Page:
After all, it’s just one plant. But it is a big one, with more than six thousand workers, about three-fifths of whom are African-American. If the UAW wins, it will be the dwindling union’s first victory ever in a major foreign-owned “transplant” factory.

The Statue of Liberty
Celso Flores / Flickr - http://j.mp/1SPGCl0

You never know, but if President Trump’s sweeping new immigration policy proposals had always been in place, I probably wouldn’t be here. Most likely, you wouldn’t either.

My paternal ancestors supposedly came from Great Britain centuries ago, but my maternal ones came from Bavaria to Michigan in the 1880s. They didn’t speak English and had no special skills, so that would have been that.

aerial shot of buildings, soccer stadium
Rossetti

Wayne County is a step closer to letting its unfinished jail in Detroit become a $1 billion development that would include a pro soccer stadium. The county is working to finalize details with businessman Dan Gilbert. In exchange for the jail site, Gilbert would construct a new criminal justice center near I-75 in the city.

Morning Edition host Doug Tribou and senior news analyst Jack Lessenberry discuss the deal and whether major league soccer would be successful in Detroit. 

On the surface, yesterday was a pretty good day for Michigan. The state announced that the cities of Pontiac and Lincoln Park were both being released from receivership.

The treasurer’s office said both of these aging cities had made considerable strides toward getting their acts and their finances in order. I think that is true, but I also think the state would like to get them off the books. Ever since the mess in Flint, the whole idea of having the state take over and run cities has lost a lot of appeal.

When I was a child, there were kids whose parents told their children never to have anything to do with government or politics. They said it was a dirty and corrupt business.

Well, I grew up believing that was wrong-headed, that while politics was a bruising contact sport, it was a life, in the words of reporter and novelist Allen Drury, capable of honor. That was easier to believe when the memories of Franklin D. Roosevelt and Harry Truman were still fresh and Profiles in Courage was a best-seller.

YouTube

I haven’t seen the new movie Detroit yet. I think I’m like my African-American teaching colleague Alicia Nails, who told me that after weeks of non-stop coverage, she was starting to feel a little “rioted out.” What I have heard from friends who have seen the movie is that it is powerful but lacks nuance, and leaves the impression that the Detroit in that film is still the Detroit of today.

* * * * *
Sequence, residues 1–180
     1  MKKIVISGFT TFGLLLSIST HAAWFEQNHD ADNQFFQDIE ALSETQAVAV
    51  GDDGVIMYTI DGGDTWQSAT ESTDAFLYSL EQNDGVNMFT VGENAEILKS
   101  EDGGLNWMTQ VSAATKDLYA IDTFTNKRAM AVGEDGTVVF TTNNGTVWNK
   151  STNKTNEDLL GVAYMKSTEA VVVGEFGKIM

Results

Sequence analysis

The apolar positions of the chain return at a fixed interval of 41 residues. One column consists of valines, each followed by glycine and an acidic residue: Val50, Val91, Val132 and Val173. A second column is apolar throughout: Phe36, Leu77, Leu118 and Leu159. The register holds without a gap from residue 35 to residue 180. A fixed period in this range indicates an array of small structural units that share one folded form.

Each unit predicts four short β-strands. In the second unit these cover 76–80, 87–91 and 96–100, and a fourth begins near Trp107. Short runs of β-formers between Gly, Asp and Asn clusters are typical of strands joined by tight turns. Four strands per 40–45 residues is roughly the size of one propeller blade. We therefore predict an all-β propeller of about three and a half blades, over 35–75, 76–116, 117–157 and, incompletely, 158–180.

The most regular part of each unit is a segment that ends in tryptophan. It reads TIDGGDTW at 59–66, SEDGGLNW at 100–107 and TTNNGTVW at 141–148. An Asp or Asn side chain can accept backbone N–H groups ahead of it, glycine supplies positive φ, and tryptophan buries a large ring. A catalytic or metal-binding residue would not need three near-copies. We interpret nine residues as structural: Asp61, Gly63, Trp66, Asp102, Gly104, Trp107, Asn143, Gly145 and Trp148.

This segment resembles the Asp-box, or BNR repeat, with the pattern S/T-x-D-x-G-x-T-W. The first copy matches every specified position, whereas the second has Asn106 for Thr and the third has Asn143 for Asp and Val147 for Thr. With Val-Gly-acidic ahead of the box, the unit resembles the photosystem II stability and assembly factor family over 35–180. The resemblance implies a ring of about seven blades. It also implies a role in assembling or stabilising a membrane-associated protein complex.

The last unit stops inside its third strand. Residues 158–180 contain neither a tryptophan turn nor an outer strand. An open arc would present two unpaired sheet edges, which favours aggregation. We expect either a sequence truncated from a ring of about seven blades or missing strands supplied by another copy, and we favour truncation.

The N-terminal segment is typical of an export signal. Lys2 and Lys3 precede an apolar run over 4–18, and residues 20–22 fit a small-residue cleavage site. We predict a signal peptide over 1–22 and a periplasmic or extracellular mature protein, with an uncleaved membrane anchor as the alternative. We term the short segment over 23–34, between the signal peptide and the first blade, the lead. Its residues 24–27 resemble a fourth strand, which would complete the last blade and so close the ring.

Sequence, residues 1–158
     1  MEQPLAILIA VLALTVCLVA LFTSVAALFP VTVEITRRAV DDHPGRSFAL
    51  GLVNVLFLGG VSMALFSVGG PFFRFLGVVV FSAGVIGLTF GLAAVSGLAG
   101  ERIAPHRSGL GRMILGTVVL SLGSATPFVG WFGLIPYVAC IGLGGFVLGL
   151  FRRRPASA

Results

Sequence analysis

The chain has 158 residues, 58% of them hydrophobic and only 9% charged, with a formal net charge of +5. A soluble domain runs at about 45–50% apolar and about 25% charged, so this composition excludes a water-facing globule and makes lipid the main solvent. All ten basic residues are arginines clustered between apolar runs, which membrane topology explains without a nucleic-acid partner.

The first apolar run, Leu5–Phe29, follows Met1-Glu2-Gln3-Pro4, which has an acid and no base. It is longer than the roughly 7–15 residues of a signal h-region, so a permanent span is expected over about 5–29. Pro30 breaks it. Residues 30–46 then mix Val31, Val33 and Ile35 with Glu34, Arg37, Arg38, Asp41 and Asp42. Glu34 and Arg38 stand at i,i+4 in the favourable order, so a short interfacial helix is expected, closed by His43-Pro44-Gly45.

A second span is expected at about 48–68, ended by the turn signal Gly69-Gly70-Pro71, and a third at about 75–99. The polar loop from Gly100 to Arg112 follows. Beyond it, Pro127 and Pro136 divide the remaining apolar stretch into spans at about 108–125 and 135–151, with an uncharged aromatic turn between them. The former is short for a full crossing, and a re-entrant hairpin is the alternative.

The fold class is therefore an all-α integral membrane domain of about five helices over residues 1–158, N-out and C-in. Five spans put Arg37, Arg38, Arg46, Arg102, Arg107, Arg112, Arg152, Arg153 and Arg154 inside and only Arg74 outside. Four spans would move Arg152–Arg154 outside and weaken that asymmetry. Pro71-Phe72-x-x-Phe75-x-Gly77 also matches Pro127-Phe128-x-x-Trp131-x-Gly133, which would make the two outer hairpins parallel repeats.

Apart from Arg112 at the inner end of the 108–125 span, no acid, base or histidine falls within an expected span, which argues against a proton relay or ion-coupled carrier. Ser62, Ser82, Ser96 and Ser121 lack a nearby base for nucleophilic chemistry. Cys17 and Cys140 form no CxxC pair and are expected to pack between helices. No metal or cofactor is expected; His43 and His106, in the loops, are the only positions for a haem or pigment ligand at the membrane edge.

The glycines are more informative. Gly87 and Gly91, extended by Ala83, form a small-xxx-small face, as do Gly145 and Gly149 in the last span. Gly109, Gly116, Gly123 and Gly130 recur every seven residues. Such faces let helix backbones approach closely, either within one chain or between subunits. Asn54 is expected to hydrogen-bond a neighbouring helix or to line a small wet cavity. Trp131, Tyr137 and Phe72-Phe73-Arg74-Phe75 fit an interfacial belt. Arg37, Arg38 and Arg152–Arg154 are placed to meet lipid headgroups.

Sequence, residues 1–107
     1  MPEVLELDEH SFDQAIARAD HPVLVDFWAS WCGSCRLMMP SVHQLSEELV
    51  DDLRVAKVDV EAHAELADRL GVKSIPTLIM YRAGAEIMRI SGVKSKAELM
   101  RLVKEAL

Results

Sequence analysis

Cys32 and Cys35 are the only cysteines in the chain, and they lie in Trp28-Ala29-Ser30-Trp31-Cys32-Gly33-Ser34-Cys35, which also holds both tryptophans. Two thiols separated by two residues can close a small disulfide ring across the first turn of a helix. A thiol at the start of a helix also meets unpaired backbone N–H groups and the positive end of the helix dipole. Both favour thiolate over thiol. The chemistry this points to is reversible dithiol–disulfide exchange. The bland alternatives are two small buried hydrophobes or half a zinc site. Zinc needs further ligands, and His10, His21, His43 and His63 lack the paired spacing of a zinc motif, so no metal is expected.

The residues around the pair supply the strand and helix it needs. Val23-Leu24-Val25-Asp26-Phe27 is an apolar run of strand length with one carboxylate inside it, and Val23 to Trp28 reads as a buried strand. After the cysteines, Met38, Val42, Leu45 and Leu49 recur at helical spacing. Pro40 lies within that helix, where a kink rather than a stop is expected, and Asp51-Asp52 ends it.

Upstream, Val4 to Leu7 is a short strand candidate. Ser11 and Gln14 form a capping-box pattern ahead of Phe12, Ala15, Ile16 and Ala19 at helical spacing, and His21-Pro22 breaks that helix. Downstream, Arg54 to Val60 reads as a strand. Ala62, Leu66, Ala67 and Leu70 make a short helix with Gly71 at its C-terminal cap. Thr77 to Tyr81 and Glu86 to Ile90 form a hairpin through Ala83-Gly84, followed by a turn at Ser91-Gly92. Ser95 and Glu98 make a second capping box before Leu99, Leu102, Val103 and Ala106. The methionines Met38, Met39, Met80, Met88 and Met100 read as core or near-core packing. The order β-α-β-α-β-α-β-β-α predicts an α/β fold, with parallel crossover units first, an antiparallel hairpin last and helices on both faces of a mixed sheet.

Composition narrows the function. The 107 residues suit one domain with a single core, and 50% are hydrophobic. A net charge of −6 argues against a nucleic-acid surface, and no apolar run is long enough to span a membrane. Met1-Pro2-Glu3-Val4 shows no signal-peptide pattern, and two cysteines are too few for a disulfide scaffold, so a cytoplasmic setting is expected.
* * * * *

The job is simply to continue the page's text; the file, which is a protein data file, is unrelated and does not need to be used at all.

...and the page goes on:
But there was one nuance I didn’t miss. This was in an interview in the Boston Globe with Kathryn Bigelow, the film’s director. The interviewer asked why the movie wasn’t filmed where it happened.

“We originally located it in Detroit but the tax-credit program had just been disbanded, so we went to … Boston, and shot the movie there,” Bigelow said.

President William McKinley had a wife to whom he was extremely devoted, but who had a nervous condition that caused her to suffer from frequent seizures, sometimes at state dinners. When this happened, his solution was to throw a napkin over her face, carry on as though everything was normal, and then remove it when the seizure was past.

Forty years ago, I was in a special, high-pressure graduate program at the University of Michigan designed to make trained journalists out of otherwise hapless intellectuals like myself in a year and a half. It was an amazingly successful program.

Many of my classmates went on to jobs in senior management in places like both the New York and Los Angeles Times and the former International Herald Tribune.

Shri Thanedar
shri2018.com

Imagine you suddenly came into $3.3 million dollars, and your instructions from the universe were to spend it to make life better for the people of Michigan.

My guess is that your first idea would not be to spend it to try to win the Democratic nomination for governor next year. But that’s what Shri Thanedar is doing.

Black and white shot of destroyed buildings in Detroit in 1967.
The Burton Historical Collection, Detroit Public Library

As part of our series, "Summer of Rebellion," Michigan Radio Senior News Analyst Jack Lessenberry shares his memories of the unrest in Detroit in July 1967 with Morning Edition host Doug Tribou. They also discuss the role that week's events played in Detroit's larger decline.

President Donald Trump has just nominated former Congressman Pete Hoekstra to be ambassador to the Netherlands. The appointment should be speedily confirmed by the U.S. Senate. Hoekstra, who came to this country as a baby, was born in Holland and speaks fluent Dutch.

He’s a former chair of the House Intelligence Committee, and in every respect is as fully qualified for this job as any political appointee could be.